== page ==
Methods: The study used an experimental design within a cross-sectional survey framework. A series of vignettes were constructed, describing a child at risk. Three factors were randomly manipulated: child’s ethnic background (Jewish/Arab), child's socio-economical background (Middle-Class/Low-Class), and child’s gender (Male/Female). Professionals were asked to assess risk to the child, and their reporting intention for the case. The sample was a purposive convenience sample, intended to maximize variation, consisting of 517 healthcare-professionals working in community-based HMO clinics, in Israel. Each professional was asked to respond to five randomly selected vignettes (from a pull of nine vignettes). Responses included the perceived risk to the child. Each questionnaire also asked of the workers’ socio-demographic background, professional training, and specific professional role. Linear and logistic regression-analyses were carried at the vignette level, controlling statistically for within worker clustering using robust standard-errors within a Generalized Estimating Equations (GEE) model.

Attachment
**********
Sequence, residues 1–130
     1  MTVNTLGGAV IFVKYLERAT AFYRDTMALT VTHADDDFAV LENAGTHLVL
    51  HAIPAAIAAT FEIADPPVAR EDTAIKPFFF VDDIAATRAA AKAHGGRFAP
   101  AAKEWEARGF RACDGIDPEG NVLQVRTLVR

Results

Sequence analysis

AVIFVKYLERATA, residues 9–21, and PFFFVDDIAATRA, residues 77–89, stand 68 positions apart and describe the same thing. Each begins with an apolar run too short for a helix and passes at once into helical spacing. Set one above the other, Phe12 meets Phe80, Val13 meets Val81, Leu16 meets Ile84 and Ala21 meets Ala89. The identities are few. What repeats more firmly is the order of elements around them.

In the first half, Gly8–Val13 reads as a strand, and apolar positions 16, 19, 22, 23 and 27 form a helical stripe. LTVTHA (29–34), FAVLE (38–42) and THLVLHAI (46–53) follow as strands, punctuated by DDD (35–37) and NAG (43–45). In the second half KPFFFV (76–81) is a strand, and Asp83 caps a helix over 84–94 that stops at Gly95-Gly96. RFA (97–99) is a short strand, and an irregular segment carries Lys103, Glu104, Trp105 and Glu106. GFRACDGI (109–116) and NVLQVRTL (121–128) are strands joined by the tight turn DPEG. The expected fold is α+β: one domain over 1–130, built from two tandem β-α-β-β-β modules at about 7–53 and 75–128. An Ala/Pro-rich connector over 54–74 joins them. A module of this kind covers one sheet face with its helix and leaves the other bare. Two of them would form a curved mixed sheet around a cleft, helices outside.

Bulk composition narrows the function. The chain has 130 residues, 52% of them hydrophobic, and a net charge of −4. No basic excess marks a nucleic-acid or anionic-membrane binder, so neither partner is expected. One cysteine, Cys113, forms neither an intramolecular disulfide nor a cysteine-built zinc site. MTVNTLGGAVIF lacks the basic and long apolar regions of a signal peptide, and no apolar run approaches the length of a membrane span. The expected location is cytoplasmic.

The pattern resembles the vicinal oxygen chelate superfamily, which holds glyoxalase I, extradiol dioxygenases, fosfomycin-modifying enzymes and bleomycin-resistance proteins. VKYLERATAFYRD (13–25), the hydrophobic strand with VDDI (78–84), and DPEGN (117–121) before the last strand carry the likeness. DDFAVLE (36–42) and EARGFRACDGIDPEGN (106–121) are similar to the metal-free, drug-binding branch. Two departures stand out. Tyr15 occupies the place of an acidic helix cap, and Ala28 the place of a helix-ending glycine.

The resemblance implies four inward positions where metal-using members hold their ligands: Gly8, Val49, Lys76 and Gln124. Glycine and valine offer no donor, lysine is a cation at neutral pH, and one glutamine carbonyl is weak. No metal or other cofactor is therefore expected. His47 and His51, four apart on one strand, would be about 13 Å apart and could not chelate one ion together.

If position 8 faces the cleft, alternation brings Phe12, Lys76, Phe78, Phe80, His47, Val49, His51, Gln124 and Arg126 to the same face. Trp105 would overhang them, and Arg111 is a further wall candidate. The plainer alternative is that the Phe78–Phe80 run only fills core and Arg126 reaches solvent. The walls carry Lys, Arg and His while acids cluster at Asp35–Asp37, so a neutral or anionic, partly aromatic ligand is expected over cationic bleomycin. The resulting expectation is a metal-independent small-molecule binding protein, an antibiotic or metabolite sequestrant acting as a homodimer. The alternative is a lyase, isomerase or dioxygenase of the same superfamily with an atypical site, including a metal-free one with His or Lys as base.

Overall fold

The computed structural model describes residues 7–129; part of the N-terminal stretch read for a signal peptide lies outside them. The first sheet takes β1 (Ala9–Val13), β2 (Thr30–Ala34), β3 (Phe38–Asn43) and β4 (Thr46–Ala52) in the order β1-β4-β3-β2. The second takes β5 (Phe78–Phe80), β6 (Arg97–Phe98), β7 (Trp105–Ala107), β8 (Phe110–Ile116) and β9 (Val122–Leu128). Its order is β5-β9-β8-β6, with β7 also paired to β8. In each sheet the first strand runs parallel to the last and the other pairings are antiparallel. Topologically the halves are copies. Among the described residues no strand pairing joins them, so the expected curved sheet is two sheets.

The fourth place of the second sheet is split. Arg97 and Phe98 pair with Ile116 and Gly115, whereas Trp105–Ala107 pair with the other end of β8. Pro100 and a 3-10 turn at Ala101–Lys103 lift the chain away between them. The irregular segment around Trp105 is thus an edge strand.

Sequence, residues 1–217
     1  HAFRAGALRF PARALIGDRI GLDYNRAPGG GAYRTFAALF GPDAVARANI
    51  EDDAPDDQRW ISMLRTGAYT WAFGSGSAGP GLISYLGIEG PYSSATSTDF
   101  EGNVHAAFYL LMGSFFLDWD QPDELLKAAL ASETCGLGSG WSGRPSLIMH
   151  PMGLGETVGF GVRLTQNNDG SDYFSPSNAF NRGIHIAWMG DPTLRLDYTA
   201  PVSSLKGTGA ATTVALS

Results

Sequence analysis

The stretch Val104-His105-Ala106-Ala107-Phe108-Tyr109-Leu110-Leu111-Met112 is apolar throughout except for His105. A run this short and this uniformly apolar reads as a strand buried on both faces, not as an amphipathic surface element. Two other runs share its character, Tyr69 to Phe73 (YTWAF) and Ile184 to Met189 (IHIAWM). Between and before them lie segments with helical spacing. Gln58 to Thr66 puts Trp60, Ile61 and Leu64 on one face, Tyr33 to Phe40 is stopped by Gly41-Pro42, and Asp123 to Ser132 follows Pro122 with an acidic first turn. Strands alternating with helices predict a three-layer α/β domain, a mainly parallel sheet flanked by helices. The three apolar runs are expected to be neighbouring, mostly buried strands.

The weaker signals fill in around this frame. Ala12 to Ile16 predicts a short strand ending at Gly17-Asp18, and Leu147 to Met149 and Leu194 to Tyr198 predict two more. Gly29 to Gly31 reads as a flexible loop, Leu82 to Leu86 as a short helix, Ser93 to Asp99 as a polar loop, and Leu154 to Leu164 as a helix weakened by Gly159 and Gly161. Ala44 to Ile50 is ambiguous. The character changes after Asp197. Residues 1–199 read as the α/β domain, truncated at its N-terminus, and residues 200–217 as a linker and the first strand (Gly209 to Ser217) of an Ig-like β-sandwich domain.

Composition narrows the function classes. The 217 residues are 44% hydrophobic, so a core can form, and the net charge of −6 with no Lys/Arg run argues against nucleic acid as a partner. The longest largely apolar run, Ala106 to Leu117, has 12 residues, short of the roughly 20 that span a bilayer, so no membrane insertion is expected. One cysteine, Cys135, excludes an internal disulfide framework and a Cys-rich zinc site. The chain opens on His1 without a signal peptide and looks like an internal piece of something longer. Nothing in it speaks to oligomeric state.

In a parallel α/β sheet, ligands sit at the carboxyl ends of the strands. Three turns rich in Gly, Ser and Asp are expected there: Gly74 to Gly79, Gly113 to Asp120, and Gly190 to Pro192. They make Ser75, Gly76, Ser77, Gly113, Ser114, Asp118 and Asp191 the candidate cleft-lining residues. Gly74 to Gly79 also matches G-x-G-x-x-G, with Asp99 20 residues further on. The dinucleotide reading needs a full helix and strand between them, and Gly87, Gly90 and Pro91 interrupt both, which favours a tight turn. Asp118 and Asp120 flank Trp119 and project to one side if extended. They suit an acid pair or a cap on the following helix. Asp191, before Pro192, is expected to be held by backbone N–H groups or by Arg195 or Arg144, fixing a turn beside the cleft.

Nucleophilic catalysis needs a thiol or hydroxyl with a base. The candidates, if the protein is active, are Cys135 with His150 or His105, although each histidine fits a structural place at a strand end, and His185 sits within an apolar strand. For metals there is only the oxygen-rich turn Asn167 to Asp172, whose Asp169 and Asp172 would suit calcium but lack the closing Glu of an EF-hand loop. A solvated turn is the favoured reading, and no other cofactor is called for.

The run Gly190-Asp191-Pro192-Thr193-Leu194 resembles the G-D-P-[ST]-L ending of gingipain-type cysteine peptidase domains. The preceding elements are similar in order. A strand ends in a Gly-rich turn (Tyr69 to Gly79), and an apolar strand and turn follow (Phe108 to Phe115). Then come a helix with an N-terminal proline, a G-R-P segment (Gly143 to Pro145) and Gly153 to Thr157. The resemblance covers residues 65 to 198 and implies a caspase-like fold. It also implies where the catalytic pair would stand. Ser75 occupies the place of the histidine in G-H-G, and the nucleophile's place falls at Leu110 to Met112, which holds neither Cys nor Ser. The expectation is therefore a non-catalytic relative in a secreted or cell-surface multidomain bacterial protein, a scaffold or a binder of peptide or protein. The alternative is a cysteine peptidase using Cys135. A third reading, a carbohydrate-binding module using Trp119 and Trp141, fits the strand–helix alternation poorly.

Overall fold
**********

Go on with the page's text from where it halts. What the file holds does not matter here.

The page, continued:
Results: As hypothesized, child’s gender, ethnic, and socio-economic background, have all turned to have significant effects on subjective risk-assessment and reporting intentions. Being a girl, Arab, and belonging to low socio-economic class increased the likelihood that child's condition will be identified as the result of abuse and neglect, and of reporting the child for further investigation.
Conclusions and Implications: This study reinforces prior findings in regard to effects of healthcare professionals' personal attitudes and believes on their ability to identify child maltreatment correctly. The results are discussed in terms of their implications on service delivery, including the perceived danger of intervening in the lives of innocent families and investing scares resources at the wrong place. Recommendations are made in relation to professionals' education and training.